Even Gunning Bedford, Jr. of Delaware admitted that he only favored equal representation because it advanced the interests of his own state. "Can it be expected that the small states will act from pure disinterestedness? Are we to act with greater purity than the rest of mankind" (Sizing Up the Senate, 33)?

Since 1789, the Senate has become much more malaportioned. At the time of the Connecticut Compromise, the largest state, Virginia, had only twelve times the population of the smallest state, Delaware. Today, the largest state, California, has a population that is seventy times greater than the population of the smallest state, Wyoming. In 1790, it would take a theoretical 30% of the population to elect a majority of the Senate, today it would take 17%. Today, there are seven states with only one congressman (Alaska, Delaware, Montana, North Dakota, South Dakota, Vermont, and Wyoming); never in the past has there been as high a proportion of one-congressmen states.

  Early years

The Senate originally met, virtually in secret, on the second floor of Federal Hall in New York City in a room that allowed no spectators. For five years, no notes were published on Senate proceedings.

A procedural issue of the early Senate was what role the vice president, the President of the Senate, should have. The first vice president was allowed to craft legislation and participate in debates, but those rights were taken away relatively quickly. John Adams seldom missed a session, but later vice presidents made Senate attendance a rarity. Interestingly, although the founders intended the Senate to be the slower legislative body, in the early years of the Republic, it was the House that took its time passing legislation. Alexander Hamilton’s Bank of the United States and Assumption Bill (he was then Treasury Secretary), both of which were controversial, easily passed the Senate, only to meet opposition from the House.

In 1797, Thomas Jefferson began the vice presidential tradition of only attending Senate sessions on special occasions. Despite his frequent absences, Jefferson did make his mark on the body with the Senate book of parliamentary procedure, one that is still used to this day.


The decades before the American Civil War are thought of as the "Golden Age" of the Senate. Backed by public opinion and President Jefferson, in 1804, the House voted to impeach Supreme Court Justice Samuel Chase 73–32. The Senate voted against conviction 18–16.

The Senate seemed to bring out the best in Aaron Burr, who as vice president presided over the impeachment trial. At the conclusion of the trial Burr said:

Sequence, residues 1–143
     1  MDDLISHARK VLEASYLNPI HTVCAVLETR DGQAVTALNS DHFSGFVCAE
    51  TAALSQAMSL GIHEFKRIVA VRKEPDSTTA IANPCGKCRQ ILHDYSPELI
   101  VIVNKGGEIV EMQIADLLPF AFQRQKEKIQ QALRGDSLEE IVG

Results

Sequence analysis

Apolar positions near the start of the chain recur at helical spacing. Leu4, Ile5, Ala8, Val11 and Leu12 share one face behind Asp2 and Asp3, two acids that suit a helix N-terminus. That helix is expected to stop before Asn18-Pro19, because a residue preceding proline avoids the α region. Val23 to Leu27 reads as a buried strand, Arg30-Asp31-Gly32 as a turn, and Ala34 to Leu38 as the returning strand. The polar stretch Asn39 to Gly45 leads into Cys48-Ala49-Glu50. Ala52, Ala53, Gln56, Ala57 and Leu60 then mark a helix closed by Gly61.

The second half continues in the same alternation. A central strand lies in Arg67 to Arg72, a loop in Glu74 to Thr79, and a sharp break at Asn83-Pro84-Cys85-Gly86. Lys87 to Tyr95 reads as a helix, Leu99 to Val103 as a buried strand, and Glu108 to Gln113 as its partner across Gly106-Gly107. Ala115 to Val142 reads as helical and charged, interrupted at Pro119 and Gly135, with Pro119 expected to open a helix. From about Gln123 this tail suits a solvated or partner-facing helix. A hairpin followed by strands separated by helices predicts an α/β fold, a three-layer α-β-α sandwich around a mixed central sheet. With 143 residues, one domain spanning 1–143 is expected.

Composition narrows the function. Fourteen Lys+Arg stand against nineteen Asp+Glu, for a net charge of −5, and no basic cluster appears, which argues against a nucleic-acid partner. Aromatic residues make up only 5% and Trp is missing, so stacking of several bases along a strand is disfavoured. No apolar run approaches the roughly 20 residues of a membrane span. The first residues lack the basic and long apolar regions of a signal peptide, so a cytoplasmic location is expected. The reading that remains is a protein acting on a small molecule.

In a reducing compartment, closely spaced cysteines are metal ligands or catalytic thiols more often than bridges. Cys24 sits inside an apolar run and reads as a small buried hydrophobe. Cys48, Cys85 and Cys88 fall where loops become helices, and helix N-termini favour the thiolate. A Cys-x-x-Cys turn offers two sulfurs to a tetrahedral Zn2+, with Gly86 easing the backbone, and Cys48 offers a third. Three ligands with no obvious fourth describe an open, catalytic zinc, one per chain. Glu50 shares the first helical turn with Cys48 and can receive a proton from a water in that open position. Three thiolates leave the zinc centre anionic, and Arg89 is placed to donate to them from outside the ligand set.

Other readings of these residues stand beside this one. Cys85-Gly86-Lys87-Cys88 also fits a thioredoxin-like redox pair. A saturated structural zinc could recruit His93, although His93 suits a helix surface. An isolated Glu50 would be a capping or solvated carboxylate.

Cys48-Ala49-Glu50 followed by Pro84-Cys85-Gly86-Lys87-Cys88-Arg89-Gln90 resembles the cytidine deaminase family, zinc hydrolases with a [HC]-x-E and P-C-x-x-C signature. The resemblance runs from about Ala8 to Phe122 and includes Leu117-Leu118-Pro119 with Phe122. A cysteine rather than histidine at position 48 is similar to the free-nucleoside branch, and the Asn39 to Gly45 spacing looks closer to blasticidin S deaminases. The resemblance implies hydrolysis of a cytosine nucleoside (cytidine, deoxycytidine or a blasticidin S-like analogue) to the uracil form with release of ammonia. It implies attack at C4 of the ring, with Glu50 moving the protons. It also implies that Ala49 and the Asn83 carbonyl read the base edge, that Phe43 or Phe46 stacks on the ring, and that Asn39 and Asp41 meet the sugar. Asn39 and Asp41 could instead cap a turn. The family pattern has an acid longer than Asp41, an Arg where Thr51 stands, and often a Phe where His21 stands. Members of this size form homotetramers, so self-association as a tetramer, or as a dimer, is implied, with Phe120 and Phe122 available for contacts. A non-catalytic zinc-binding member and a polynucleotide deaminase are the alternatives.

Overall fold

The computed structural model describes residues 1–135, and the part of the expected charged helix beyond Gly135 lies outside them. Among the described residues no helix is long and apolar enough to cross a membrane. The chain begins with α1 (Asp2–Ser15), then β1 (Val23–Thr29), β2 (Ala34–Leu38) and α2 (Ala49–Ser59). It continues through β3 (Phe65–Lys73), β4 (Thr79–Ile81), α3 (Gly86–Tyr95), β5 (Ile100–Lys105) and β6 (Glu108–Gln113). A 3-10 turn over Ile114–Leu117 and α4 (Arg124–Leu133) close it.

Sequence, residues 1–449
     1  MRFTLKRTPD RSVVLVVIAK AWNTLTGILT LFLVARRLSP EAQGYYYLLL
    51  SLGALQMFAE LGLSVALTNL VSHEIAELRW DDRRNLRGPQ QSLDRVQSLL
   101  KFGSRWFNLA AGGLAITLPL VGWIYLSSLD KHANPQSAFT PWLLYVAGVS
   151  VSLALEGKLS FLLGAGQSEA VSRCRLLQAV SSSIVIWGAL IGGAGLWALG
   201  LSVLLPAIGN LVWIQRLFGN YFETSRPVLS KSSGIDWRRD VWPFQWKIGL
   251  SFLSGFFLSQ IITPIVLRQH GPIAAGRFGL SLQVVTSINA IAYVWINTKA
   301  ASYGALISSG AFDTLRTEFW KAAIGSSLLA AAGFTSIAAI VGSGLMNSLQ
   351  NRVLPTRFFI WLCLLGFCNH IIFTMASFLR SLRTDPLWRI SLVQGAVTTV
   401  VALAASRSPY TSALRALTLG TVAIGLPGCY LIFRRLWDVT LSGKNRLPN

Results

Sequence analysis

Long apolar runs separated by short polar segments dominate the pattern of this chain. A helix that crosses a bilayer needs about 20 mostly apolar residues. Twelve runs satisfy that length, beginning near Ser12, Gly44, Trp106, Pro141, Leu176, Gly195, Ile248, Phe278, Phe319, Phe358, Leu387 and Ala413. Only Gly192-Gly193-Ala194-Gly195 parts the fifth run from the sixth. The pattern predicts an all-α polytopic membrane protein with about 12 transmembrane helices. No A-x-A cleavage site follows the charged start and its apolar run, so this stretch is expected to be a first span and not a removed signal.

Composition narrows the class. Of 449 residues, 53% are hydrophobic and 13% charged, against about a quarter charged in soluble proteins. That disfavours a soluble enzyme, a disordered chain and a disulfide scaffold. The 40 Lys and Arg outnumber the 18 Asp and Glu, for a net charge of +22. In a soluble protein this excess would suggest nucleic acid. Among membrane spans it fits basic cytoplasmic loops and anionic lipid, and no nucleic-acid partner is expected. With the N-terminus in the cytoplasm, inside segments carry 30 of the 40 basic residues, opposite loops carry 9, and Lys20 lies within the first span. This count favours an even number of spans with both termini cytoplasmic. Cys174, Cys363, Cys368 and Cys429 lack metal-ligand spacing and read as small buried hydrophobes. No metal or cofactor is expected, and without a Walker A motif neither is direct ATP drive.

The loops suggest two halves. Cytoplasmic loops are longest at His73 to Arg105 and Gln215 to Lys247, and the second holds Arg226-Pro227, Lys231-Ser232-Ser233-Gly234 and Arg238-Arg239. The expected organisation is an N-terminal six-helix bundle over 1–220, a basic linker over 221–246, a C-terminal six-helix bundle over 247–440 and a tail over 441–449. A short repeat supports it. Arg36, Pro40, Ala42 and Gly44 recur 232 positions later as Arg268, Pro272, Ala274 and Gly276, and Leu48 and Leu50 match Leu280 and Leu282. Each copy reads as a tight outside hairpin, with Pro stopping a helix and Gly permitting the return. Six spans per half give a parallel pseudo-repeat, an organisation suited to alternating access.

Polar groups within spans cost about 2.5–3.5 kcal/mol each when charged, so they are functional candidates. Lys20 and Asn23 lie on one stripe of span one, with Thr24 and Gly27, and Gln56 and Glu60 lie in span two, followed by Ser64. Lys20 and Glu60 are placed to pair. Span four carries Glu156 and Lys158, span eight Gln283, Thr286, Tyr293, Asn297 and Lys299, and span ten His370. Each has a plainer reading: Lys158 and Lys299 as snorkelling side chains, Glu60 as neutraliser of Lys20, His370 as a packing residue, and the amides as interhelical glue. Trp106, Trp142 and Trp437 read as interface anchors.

This House is a sanctuary; a citadel of law, of order, and of liberty; and it is here–in this exalted refuge; here if anywhere, will resistance be made to the storms of political phrensy and the silent arts of corruption. (Master of the Senate, 14)

Even Burr's many critics conceded that he handled himself with great dignity, and the trial with fairness.

Over the next few decades the Senate rose in reputation in the United States and the world. John C. Calhoun, Daniel Webster, Thomas Hart Benton, Stephen A. Douglas, and Henry Clay overshadowed several presidents. Sir Henry Maine called the Senate "the only thoroughly successful institution which has been established since the tide of modern democracy began to run." William Ewart Gladstone said the Senate was "the most remarkable of all the inventions of modern politics." (Ibid, 23)

Among the greatest of debates in Senate history was the Webster-Hayne debate of January 1830, pitting the sectional interests of Daniel Webster's New England against Robert Y. Hayne's South.

During the pre-Civil War decades, the nation had two contentious arguments over the North-South balance in the Senate. Since the banning of slavery north of the Mason-Dixon line there had always been equal numbers of slave and free states. In the Missouri Compromise of 1820, brokered by Henry Clay, Maine was admitted to the Union as a free state to counterbalance Missouri. The Compromise of 1850, brokered by Henry Clay and Stephen Douglas, helped postpone the Civil War.

  Gilded Age

In the post-Civil War era, the Senate dealt with great national issues such as Reconstruction and monetary policy. Given the strong political parties of the Third Party System, the leading politicians controlled enough support in state legislatures to be elected Senators. In an age of unparalled industrial expansion, entrepreneurs had the prestige previously reserved to victorious generals, and many were elected to the Senate.